Marissa Long: Borrowed from Dust

On View: September 21 - December 22, 2019

Wyatt Resident Artists Gallery

Borrowed from Dust is a meditation on memory, loss, and impermanence. In her sculpture, photographs, and mixed-media works, Marissa Long utilizes visual and material symbols of obfuscation and mourning. The veil, a central theme in the exhibition, evokes mourning but also masking and concealment. It references the line between life and death, public and private, knowledge and mystery. The veil manifests as a literal cloth garment, and also resonates in the show’s visual tropes, including in pools of darkness and mirrored surfaces which impede attempts at clear sight. While the works in the exhibition evoke difficult and even dark emotions, they also possess a physical allure driven by smooth, dark surfaces and concealed elements which only increase our desire to fully see or understand what is hidden.

Attempting to visualize what we’re unable to see, the work in the exhibition explores our strategies for understanding the incomprehensible. Without being able to fully comprehend death and loss, we translate our emotions through objects, totems, and myths. In some cases, these are drawn from organized religion but, for many people, loss is translated through everyday objects that are slowly (or suddenly) charged with new meaning, becoming spiritual symbols or surrogates. The familiar objects in Borrowed from Dust – flowers, candles, household ephemera – seem positioned in a state slightly out of reach. Blocked, buried, or fading from view, our understanding of them moves away from their innate physicality and is shaped by our own instinctive attempts to view them plainly. Our past is transfigured by memory, which is both an intimate, meaningful function of our own minds, and an unreliable narrator, crystalizing the distortions of our subjective experience.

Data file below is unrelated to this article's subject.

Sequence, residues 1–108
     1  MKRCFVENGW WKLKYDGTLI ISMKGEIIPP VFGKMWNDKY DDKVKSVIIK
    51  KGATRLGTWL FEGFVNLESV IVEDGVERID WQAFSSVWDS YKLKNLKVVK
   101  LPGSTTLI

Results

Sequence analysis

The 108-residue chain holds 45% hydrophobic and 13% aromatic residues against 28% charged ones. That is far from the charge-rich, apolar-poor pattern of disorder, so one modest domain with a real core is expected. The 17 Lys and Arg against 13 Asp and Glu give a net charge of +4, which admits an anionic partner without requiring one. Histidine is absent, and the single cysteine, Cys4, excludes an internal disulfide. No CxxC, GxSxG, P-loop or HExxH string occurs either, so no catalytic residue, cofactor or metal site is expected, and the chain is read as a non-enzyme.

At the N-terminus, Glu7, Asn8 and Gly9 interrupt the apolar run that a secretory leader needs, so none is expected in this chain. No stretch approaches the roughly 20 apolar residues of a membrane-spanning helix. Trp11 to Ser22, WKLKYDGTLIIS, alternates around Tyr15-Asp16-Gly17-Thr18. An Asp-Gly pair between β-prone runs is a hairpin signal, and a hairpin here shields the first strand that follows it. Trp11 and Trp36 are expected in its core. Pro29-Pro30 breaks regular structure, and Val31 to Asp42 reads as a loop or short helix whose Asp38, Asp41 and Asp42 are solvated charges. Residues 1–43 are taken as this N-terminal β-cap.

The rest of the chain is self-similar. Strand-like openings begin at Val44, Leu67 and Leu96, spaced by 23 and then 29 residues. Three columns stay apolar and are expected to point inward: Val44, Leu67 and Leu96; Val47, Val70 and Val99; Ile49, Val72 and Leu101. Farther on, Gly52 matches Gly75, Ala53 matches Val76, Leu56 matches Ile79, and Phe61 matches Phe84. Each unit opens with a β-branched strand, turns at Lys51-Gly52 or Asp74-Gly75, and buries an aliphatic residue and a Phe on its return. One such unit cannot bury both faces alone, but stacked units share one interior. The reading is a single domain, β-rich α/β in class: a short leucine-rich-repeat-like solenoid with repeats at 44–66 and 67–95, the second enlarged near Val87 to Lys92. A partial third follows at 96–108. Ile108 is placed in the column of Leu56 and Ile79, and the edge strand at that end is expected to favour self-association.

ABOUT THE ARTIST

Marissa Long is an Arlington, VA-based artist, and became a resident at Arlington Arts Center in 2017. Her work has been exhibited nationally and internationally at venues including Civilian Art Projects (Washington, DC), Transformer (Washington, DC), Washington Project for the Arts (Washington, DC), Cell Project Space (London, UK), Deutscher Kuenstlerbund (Berlin, Germany), Blank Projects (Cape Town, South Africa), and American University Museum at the Katzen Arts Center (Washington, DC). Her work has been covered by various publications, including The Washington Post and Washington City Paper. Long holds a BFA from Corcoran College of Art & Design.


RELATED EVENTS

Opening Reception: September 21, 6–9pm
Gallery Talk: Saturday, October 19, 1-3pm

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